Now, we all know better than to trust promises of easy money, right? Well, apparently not everyone does, as a recent piece of news involving an unsuccessful scam attempt here in Japan clearly demonstrates. The whole affair actually has Japanese internet users shaking their heads in disbelief, and one thing is clear — there’s not going to be much public sympathy for the intended victim in this particular case. Once you hear the story, you’ll probably understand why.

The Tokyo Metropolitan Police Department recently arrested three foreign nationals, one of whom has been identified as 38-year-old Guatemalan Aldon Hernandez Melvin Roderico, for stealing 1,000,000 yen (approx $10,000) in cash from a 23-year-old woman living in Tokyo. What makes this case so unbelievable is the way the group managed to obtain the money from the woman. They told her that they had the means to duplicate money by first pouring a special chemical onto pieces of blank paper cut into the size of 10,000yen bills with an actual bill sandwiched in between, which initially turns the blank sheets of paper black in color, and then when the paper is treated with another “special liquid reducing agent”, all the sheets would become 10,000 yen bills.

Yes, it was an unmistakable case of the old “black money” scam, and the woman fell for it, handing them the money when the group approached her with an offer to pay her a 20 percent return if she could provide the cash they needed for their little money-making scheme. They apparently showed the woman a fake demonstration of how the paper would be chemically processed and eventually switched the 1,000,000 yen cash with worthless pieces of black paper.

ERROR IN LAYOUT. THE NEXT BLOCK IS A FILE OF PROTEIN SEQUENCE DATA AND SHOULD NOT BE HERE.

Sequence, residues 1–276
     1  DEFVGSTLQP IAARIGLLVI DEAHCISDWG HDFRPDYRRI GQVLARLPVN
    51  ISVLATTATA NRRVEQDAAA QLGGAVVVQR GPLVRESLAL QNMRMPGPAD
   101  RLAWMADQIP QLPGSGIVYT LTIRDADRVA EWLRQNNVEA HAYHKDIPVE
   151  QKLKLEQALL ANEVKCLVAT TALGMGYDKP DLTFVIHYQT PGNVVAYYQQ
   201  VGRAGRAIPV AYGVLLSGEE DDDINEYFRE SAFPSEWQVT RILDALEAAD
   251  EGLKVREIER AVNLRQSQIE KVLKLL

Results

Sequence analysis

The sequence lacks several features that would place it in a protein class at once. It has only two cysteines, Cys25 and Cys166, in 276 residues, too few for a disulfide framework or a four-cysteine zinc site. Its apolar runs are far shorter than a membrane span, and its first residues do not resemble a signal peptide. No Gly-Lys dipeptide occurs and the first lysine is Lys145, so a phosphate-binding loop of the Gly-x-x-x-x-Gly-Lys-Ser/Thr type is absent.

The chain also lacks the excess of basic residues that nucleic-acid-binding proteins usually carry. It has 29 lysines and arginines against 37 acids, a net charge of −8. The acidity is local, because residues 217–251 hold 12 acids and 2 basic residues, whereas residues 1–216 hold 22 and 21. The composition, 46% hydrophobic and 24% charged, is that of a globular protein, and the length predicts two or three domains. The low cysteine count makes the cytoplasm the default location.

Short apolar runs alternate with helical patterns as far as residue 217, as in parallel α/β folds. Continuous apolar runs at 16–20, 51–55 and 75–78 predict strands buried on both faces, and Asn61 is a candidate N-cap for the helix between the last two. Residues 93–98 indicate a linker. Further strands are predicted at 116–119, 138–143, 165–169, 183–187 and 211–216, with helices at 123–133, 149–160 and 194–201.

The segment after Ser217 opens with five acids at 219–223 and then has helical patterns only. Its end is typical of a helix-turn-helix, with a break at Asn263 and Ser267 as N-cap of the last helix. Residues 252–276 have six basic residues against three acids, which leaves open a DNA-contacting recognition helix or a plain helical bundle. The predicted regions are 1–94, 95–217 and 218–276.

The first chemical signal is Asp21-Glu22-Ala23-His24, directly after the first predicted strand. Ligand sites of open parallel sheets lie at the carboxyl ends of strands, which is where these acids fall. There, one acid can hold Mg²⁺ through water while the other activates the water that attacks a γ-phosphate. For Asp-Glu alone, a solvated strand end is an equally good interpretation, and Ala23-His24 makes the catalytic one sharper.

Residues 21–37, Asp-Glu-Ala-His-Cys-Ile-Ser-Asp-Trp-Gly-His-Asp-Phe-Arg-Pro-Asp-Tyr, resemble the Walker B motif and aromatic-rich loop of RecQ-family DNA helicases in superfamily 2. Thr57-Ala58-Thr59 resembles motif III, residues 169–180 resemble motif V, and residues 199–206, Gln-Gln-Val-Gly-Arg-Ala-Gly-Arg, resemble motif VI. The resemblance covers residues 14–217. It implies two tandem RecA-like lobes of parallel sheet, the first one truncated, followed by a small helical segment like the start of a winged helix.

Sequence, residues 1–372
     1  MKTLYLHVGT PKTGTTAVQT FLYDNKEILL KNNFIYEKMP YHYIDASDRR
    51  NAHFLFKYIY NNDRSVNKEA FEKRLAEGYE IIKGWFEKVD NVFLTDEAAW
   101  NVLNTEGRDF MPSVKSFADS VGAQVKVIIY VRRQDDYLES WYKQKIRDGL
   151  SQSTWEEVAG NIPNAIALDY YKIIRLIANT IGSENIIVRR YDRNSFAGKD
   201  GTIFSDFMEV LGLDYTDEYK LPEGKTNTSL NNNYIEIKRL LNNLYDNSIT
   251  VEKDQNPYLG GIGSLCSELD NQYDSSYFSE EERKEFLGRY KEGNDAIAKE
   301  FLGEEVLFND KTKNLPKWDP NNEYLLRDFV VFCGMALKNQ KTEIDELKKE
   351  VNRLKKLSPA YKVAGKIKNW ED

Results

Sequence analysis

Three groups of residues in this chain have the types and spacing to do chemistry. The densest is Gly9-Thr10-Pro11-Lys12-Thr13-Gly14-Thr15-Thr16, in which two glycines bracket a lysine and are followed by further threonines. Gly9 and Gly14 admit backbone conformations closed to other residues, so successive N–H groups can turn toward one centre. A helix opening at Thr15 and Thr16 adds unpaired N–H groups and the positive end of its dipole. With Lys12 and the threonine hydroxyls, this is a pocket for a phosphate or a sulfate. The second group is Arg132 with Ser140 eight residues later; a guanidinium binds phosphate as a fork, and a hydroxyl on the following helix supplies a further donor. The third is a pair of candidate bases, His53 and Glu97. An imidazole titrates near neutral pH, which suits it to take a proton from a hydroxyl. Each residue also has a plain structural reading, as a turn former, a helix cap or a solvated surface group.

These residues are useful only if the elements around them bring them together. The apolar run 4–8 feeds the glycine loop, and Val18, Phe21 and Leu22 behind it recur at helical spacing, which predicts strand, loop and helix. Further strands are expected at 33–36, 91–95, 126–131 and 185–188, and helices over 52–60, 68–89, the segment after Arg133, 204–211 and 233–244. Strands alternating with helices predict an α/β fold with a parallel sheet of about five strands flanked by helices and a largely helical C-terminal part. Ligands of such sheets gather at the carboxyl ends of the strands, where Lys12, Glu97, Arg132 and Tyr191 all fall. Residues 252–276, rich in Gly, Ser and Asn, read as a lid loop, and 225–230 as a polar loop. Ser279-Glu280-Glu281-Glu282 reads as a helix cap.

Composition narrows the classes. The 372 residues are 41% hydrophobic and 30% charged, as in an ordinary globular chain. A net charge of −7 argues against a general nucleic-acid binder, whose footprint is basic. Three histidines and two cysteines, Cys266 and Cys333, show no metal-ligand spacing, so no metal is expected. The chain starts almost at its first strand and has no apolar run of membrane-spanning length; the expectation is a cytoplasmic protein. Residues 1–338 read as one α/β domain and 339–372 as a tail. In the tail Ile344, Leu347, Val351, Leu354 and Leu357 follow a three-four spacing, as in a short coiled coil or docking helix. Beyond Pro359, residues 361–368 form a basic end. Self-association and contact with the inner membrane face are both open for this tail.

So now you can see why people aren’t exactly full of sympathy for this woman. Aside from being incredibly stupid gullible, she was going to knowingly participate in counterfeit money production. As expected, the Japanese internet has quickly responded with both harsh and amused comments as follows:

“How stupid is someone who falls for this?”

“In this case, it’s the woman who got scammed who should be hospitalized.”

“This is such an old trick — almost like something from the 19th century!”

“So the woman believes in alchemy.”

“If you’re stupid enough to fall for this, you should have your entire savings confiscated.”

“If this actually worked, you would be committing a crime, plain and simple, since it’s counterfeit money.”

“Can they make stupidity a crime? If they could and they arrested people for it, maybe it would make Japan a better country to live in.”

“Okay, here’s the million-dollar question — if they can duplicate bills, then why would they need someone to provide cash?

Really, I would hate to imagine how embarrassing it would be to be involved in a case like this. I guess you can never be too careful, though, since most con victims are probably ordinary people who would never have thought they would fall for a silly scam but ended up being duped anyway. (And by the way, it’s been said by victimologists that people who are confident that they won’t be tricked are in fact the ones most at risk of falling prey to swindlers.) Again, everyone, please remember — there is no such thing as easy money!

Source: MSN Sankei News via Itai News